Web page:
After such gruesome fates – one survivor will be the ECHR which, through the Human Rights Act 1998, does not depend on the EU for its continued application in the UK law. As I’ve hypothesised, it’s possible – if unlikely - that we could witness a new relevance and force with the ECHR to fill a gap in rights protection. The ECHR does not have equal normative clout as directly effective EU rights, as evidenced by Benkharbouche & Janah. Other survivors would be rights that have existed at common law, such as the rights to personal security, liberty, and property. It’s possible even, that there will be a new impetus for a ‘British Bill of Rights’, however misplaced that optimism may be. 

Whatever ultimately survives the Great Repeal Bill and a Henry VIII clause, it will be a shadow of a larger, and likely uneulogized, death. The last seven decades have been building a progressive narrative of strengthening and enhancing fundamental rights across Europe and the world. Hopeful and aspirational international declarations of human rights have led progressively towards the adoption and implementation of more robust and justiciable instruments for the protection of fundamental rights in the domestic sphere. Amid political, social, legal and economic crisis, – this narrative is dying. In the current climate, it is perhaps more than the ghost of Henry VIII that will haunt us.
Image credit: Hans Holbein

[1] House of Lords Select Committee on the Scrutiny of Delegated Powers, HL 57 1992-93, para 10.
[2] HL Constitution Committee 6th Report, HL 51 2010-11, para 6.
[3] For example Benkharbouche v Sudan, and Janah v Libya wherein the Court of Appeal held that the embassies of Sudan and Libya could not rely on the State Immunity Act 1978 to bar employment rights claims under the EU Working Time Directive, as it would violate Article 47 CFR which in turn required the disapplication of the Act. The Court found a violation under Article 6 ECHR, but could only issue a declaration of incompatibility. 

Wednesday, 16 November 2016

The purely internal situation in free movement rules – Some clarity at last from the ECJ

Daniel Sarmiento, Professor of EU Law at the University Complutense of Madrid*

The Court of Justice’s judgment in Ullens de Schooten, rendered yesterday, is a very welcome development. The Court’s Grand Chamber has put some order in a traditionally chaotic and obscure area of the case law: the definition of a purely internal situation in free movement cases referred by national courts in the context of preliminary reference proceedings. It was a life or death issue for the success of the case, because depending on whether the claims of the applicant – who sought damages on the grounds that he was wrongly convicted of running an illegal laboratory – proved to have a trans-frontier link or not, he or she would benefit, or not, from free movement rules. After many years of disorderly case law, mostly in chambers of five judges, the Grand Chamber has taken the reins and provided clear guidance.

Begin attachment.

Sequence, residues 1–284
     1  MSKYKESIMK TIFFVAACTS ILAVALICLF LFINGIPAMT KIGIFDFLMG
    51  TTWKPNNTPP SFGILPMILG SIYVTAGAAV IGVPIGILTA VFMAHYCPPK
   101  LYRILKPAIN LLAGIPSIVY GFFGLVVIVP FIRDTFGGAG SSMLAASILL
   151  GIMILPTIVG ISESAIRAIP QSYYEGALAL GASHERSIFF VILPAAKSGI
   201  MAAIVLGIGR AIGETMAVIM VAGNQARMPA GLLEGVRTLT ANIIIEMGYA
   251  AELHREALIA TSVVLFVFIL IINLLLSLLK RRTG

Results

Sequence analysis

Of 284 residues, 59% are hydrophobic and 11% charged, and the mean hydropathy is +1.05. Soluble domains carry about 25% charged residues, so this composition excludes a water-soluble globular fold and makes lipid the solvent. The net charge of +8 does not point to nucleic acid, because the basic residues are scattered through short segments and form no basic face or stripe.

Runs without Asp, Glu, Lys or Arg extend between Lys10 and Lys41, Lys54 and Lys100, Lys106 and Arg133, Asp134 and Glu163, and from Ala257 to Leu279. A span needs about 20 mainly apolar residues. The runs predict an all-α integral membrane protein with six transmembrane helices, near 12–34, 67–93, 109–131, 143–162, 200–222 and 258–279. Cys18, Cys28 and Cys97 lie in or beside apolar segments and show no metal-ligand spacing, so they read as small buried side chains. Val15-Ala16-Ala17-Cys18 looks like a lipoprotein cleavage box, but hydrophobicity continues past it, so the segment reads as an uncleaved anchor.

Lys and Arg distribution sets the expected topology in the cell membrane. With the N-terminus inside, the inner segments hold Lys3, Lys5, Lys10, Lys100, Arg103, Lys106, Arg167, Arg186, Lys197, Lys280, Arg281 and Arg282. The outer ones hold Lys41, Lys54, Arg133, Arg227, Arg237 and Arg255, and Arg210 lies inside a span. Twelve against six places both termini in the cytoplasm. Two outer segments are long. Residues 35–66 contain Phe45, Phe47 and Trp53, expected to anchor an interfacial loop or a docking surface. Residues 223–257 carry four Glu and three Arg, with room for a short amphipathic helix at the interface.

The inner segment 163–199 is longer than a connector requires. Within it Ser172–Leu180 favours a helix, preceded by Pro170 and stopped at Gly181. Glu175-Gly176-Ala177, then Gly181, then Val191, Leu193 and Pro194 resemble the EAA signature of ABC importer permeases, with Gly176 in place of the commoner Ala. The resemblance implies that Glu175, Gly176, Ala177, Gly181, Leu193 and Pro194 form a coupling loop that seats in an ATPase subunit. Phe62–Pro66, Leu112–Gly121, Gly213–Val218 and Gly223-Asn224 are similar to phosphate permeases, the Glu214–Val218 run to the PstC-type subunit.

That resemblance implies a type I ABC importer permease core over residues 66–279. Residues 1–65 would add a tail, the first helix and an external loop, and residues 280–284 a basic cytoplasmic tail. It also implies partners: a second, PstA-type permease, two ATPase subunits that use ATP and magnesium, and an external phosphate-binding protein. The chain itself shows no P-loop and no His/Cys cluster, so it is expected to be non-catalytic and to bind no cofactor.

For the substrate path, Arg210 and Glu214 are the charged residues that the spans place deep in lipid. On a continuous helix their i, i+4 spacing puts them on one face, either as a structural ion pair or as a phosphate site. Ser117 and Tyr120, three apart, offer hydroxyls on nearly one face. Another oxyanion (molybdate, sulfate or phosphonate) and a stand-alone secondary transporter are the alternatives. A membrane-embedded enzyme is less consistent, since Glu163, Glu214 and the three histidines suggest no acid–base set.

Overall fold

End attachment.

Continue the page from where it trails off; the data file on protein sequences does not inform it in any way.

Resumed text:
In a nutshell, Ullens de Schooten confirms in general terms what the Court seemed to be doing in the past: as a rule, transfrontier links with free movement rules are quite flexible and easy to prove, but when there is no link whatsoever, then only in four different scenarios a national judge will be able to rely on free movement rules. The scenarios are the following:

First, when it is not inconceivable that nationals established in other Member States have been or are interested in making use of those freedoms for carrying on activities in the territory of the Member State that had enacted the national legislation in question, and, consequently, the legislation, applicable without distinction to nationals of that State and those of other Member States, was capable of producing effects which were not confined to that Member State. This is the Blanco Perez y Chao situation.

Second, when the referring court makes a request for a preliminary ruling in proceedings for the annulment of provisions which apply not only to its own nationals but also to those of other Member States, and the decision of the referring court that will be adopted following the Court’s preliminary ruling will also have effects on the nationals of other Member States. This is the Libert situation.

Third, when free movement rules may prove to be relevant in a case confined in all respects within a single Member State, where national law requires the referring court to grant the same rights to a national of its own Member State as those which a national of another Member State in the same situation would derive from EU law. This is the Guimont situation.